Parker opens these chapters with some actual investigation, going to talk to one of Rita’s neighbors, a single mother who sometimes acted as babysitter for Donald. Rita, it transpires, had been working “at nights” to make ends meet for Lester Biggs, a crooked businessman with aspirations of running an escort agency. Biggs doesn’t have much information to offer, only that the last client Rita took scared her so badly she quit and tried to leave town-the incident being what prompted her to ask Parker for help in getting the child support money Billy Purdue owed her. The only description Rita gave of the man was that he was old and wore clothes several decades out of date. Any further attempts to chase down Billy Purdue only result in Parker learning that Purdue hired a private investigator of his own several weeks ago.
Marvin Willeford is an aging alcoholic and the only investigator Purdue could afford, and even then he couldn’t pay him to complete his investigation. What Purdue was looking for was the identity of his birth parents, but Willeford only encountered dead ends; ones seemingly designed to end. Purdue was mostly raised in foster homes, mostly upstate, the last in the town of Dark Hollow. The records of his birth were sealed and his placement into the foster care system was facilitated by Cheryl Lansing-whom Parker briefly encountered leaving money and clothes with Rita for Donald, and the nuns of a local convent-since turned into a nursing home. The same nursing home where a woman killed herself rather than face Caleb Kyle, a tragedy overshadowed in the local imagination by the gang killings. Parker concludes his interview with Willeford only to get kidnapped and roughed up by Tony Celli, the mobster at the center of the recent activity, who is also looking for Billy Purdue.
Angel and Louis arrive in town to watch Parker’s back. Word has reached them of Tony Celli’s involvement and they are able to explain/exposition the missing details. Celli made a bad investment in currency bonds with other people’s money, and so he is hiding from his bosses. He kidnapped the daughter of an ex-Khmer Rogue agent turned smugger for the Cambodian mob and Billy Purdue made off with the ransom money when that deal went pear-shaped. Meanwhile, a pair of sexual sadists/assassins, Abel and Stritch, are looking to retire and have set their eyes on the Cambodian ransom money, believing Celli and/or Purdue to be easy marks. Of Abel, conveniently, there is no description, but Stritch fits the description of the fat man who had been following Parker. Louis, in a nice touch indicating that the characters are at least as quick on the uptake as the readers, points out that Rita and Donald’s death do not match up with the methods used by anyone looking for the money.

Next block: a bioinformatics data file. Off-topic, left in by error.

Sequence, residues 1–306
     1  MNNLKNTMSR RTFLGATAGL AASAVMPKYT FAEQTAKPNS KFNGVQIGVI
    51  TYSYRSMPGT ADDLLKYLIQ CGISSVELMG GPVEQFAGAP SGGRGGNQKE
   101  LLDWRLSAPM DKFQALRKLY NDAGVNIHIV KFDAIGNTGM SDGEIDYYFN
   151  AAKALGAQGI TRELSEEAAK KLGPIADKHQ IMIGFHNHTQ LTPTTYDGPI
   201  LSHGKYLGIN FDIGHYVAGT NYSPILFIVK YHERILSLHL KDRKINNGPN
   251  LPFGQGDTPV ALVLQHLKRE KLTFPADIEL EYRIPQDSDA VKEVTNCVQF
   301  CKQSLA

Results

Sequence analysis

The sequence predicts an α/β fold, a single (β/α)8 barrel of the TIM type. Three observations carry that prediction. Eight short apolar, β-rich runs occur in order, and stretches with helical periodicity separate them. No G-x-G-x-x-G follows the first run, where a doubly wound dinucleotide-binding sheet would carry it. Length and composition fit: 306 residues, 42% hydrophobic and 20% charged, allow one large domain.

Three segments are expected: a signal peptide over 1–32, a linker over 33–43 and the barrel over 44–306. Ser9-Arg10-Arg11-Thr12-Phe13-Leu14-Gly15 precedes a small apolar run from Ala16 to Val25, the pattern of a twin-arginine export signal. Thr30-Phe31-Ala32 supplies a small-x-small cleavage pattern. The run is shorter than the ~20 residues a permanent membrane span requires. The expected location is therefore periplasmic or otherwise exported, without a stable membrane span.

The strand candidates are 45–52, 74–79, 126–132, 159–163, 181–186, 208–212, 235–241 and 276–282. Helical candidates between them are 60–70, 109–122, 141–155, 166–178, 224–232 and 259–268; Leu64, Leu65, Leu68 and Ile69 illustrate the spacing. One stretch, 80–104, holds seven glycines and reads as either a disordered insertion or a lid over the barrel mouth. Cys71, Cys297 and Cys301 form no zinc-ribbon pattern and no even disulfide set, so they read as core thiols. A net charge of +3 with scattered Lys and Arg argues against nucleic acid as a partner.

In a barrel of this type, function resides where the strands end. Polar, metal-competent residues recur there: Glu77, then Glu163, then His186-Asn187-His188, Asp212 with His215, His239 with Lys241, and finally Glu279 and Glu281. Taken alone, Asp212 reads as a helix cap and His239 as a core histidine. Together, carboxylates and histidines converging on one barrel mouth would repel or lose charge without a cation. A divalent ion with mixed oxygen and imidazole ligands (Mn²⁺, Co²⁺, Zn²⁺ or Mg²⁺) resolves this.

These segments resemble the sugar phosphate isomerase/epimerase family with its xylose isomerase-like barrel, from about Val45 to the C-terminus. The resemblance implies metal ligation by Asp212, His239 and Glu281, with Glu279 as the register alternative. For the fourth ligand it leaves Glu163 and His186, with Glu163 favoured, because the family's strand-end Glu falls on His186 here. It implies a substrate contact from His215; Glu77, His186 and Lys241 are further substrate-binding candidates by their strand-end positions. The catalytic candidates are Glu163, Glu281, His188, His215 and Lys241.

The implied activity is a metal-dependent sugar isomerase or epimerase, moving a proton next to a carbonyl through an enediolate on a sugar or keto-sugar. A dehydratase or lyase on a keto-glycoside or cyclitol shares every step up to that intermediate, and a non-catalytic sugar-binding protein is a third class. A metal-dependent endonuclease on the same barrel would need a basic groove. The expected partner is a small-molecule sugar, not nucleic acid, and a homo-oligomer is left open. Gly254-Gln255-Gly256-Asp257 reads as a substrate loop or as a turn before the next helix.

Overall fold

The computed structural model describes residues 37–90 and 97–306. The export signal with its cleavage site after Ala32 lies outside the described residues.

The chapters close out with Angel and Parker traveling to meet Cheryl Lansing. When they arrive at her address there is no answer at her door and they can see rotting food through a window. In the backyard the pool has been filled in with leaves, and Parker finds the bodies of Lansing, her daughter-in-law, and her granddaughters inside. Lansing’s tongue has been cut out, in a “don’t talk” message similar to Rita’s mouth being sown shut.
In contrast to the previous books, it’s nice that Parker is doing actual investigations and the characters are drawing logical conclusions based on the information they find, rather than following along in a killer’s trail and waiting for convenient murder attempts to clue them in. It goes a long way towards removing the “Parker is a chump” theme of the previous book. It’s also a nice touch that Connolly subverts the “all the cases are related” trope here. While Billy Purdue is at the center of both the murder story and the mob money story, he is the only common point of contact, and even the characters recognize that they are in the midst of two separate stories. The “all cases are related” trope is so widespread in mystery fiction, that it’s frankly a relief whenever it’s not used.